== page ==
Weiner was appointed to the Gauteng High Court in Johannesburg in 2011 and is currently acting at the Supreme Court of Appeal (SCA). Her previous acting stint in the appellate division was from April- December 2019.
Published in both international and local law journals, Weiner’s writing includes Talking Past Each Other? Race in Legal Academia, Practise and on the Bench, Crusaders for the Rule of Law and Women at the Bar: Where Have all the Young Girls Gone? a 2004 paper which addressed the “startlingly low” number of female advocates entering the profession over the preceding five years.
Noting figures including that there were only six out of 126 silks at the Johannesburg Bar and 11 out of 317 senior counsel in the country at that time, Weiner described this as “astonishingly low”.
Highlighting a problem which persists fifteen years later, Weiner wrote:
“Has the profession, in general, transformed sufficiently insofar as gender issues are concerned? Certain senior colleagues are trying to implement transformation in relation to both blacks and women practising in the commercial field. They readily and willingly suggest to attorneys that the latter brief a black or female junior. The responses that some silks still receive from some of their attorneys such as ‘But this is a commercial matter!’ might be amusing if the story was of historical significance only, and if it was unusual. The problem is it still happens in 2004 and it happens more often than we think.”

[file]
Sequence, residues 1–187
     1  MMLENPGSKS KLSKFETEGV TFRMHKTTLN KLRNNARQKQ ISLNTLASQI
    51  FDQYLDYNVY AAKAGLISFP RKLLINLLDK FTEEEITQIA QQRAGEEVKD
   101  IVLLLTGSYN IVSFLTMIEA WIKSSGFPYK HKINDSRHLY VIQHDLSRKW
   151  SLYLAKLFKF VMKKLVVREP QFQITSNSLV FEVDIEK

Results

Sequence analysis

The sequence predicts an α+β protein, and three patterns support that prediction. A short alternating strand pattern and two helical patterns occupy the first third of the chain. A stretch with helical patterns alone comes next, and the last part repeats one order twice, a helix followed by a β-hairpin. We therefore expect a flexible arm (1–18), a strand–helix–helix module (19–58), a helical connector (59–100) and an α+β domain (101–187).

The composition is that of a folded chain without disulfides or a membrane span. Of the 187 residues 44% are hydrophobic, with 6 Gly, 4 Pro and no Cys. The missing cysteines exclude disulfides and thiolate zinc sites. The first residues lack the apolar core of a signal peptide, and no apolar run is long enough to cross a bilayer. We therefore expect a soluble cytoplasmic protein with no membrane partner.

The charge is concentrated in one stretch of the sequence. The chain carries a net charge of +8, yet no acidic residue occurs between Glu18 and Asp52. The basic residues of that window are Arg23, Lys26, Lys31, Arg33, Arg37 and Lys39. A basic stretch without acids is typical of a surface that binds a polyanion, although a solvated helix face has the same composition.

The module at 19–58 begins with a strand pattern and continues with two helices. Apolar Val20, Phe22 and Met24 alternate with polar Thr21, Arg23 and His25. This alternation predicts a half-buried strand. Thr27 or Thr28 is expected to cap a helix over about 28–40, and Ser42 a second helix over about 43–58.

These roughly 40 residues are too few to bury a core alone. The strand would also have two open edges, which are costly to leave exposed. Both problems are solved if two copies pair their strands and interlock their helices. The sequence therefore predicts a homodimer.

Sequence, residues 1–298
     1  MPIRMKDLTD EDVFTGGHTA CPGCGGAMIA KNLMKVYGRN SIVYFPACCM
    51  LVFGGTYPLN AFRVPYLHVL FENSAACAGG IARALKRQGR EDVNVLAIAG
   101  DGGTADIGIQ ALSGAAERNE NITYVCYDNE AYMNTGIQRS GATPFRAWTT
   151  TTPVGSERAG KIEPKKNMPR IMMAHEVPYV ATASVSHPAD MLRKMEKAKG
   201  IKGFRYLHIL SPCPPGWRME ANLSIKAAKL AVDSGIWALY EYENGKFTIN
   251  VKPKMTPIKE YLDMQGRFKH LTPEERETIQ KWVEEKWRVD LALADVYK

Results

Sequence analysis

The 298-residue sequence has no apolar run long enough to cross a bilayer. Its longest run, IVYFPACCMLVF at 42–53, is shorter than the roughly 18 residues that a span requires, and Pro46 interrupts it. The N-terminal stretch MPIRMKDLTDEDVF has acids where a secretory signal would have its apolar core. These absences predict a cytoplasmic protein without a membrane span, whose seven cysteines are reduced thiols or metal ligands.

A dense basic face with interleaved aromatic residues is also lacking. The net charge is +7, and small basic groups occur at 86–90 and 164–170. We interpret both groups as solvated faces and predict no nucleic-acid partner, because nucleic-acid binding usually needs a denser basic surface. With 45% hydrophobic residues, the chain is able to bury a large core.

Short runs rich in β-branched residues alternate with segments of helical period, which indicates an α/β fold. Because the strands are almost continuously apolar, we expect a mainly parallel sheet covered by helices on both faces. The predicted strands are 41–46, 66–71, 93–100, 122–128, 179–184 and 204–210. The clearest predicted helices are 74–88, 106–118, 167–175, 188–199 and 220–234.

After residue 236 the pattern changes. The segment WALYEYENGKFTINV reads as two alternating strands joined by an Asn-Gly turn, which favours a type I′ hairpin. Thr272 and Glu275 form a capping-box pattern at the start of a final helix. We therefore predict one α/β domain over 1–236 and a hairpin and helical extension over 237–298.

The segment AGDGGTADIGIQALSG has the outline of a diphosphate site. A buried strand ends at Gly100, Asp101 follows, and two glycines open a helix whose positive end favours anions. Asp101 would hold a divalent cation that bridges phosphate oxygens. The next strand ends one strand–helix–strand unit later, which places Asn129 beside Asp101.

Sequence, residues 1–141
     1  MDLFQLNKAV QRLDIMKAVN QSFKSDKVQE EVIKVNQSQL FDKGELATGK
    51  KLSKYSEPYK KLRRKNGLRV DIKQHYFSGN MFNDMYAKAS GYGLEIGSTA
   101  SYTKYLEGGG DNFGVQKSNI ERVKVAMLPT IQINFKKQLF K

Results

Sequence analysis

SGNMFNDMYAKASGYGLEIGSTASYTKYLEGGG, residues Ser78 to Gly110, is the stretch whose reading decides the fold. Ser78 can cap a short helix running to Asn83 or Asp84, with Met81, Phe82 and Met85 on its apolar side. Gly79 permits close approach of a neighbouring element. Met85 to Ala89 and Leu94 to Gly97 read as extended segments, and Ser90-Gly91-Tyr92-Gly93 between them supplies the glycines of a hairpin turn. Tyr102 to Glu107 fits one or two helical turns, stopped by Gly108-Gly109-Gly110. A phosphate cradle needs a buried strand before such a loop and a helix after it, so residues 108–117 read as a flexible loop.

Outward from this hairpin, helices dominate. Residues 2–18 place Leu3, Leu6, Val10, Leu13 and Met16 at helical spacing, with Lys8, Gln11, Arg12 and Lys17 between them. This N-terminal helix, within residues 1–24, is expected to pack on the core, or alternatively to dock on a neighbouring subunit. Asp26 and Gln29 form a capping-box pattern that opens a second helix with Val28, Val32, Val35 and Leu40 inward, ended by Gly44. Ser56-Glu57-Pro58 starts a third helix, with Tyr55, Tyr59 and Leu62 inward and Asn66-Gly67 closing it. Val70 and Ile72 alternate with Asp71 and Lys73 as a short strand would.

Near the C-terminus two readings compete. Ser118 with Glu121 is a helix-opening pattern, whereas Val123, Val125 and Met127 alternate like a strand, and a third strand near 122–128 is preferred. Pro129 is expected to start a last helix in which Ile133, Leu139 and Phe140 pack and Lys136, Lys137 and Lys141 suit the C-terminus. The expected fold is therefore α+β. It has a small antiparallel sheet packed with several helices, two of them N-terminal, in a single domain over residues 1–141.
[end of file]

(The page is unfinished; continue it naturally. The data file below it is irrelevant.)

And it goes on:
“Women are increasingly choosing to practise in the commercial field as opposed to solely practising as family lawyers, but to this day they still seem to have to fight against an unjustified prejudice as to whether they are considered competent in that field. … Some have chosen to embark upon post-graduate studies in tax and company law in order to gain such expertise. This is, of course, admirable. But it does beg the question: Do women have to be better qualified and more competent to be considered equal?”
Fifty-seven year-old Weiner holds a BA (1975) and an LLB (1977) from the University of the Witwatersrand. After graduation she joined the Johannesburg Bar in 1978 and was awarded silk in 1995. She was a founding member of Lawyers for Human Rights in 1979 and vice-chairperson of the General Council of the Bar from 2000-2010.
Shortlisted for the position of public protector after Thuli Madonsela’s term had ended in 2016, Weiner responded to a question by Economic Freedom Fighters MP Floyd Shivambu about her struggle credentials by stating she had demonstrated as a student and, and an advocate had defended people for free: “I have a non-wavering belief in the rule of law and its applicability to all persons, in particular those in positions of power. I feel strongly about injustice and will endeavour to do all things to right such wrongs,” she is reported to have said.
She is a trustee and founder of the Warm the World non-profit organisation.
April 2021 Interview: